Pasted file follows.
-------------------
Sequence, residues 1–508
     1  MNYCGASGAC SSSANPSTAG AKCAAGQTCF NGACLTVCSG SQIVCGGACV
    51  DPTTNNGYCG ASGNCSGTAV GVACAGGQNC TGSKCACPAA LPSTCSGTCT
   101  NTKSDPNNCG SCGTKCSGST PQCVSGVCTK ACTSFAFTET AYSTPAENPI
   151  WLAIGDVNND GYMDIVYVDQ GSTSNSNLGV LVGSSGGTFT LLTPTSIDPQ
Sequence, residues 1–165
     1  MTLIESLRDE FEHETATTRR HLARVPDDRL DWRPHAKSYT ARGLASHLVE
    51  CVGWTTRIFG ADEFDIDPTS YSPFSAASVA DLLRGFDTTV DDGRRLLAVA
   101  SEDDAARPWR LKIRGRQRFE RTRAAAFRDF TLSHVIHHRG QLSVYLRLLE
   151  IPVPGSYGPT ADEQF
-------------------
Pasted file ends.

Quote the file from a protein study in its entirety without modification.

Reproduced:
Sequence, residues 1–508
     1  MNYCGASGAC SSSANPSTAG AKCAAGQTCF NGACLTVCSG SQIVCGGACV
    51  DPTTNNGYCG ASGNCSGTAV GVACAGGQNC TGSKCACPAA LPSTCSGTCT
   101  NTKSDPNNCG SCGTKCSGST PQCVSGVCTK ACTSFAFTET AYSTPAENPI
   151  WLAIGDVNND GYMDIVYVDQ GSTSNSNLGV LVGSSGGTFT LLTPTSIDPQ
Sequence, residues 1–165
     1  MTLIESLRDE FEHETATTRR HLARVPDDRL DWRPHAKSYT ARGLASHLVE
    51  CVGWTTRIFG ADEFDIDPTS YSPFSAASVA DLLRGFDTTV DDGRRLLAVA
   101  SEDDAARPWR LKIRGRQRFE RTRAAAFRDF TLSHVIHHRG QLSVYLRLLE
   151  IPVPGSYGPT ADEQF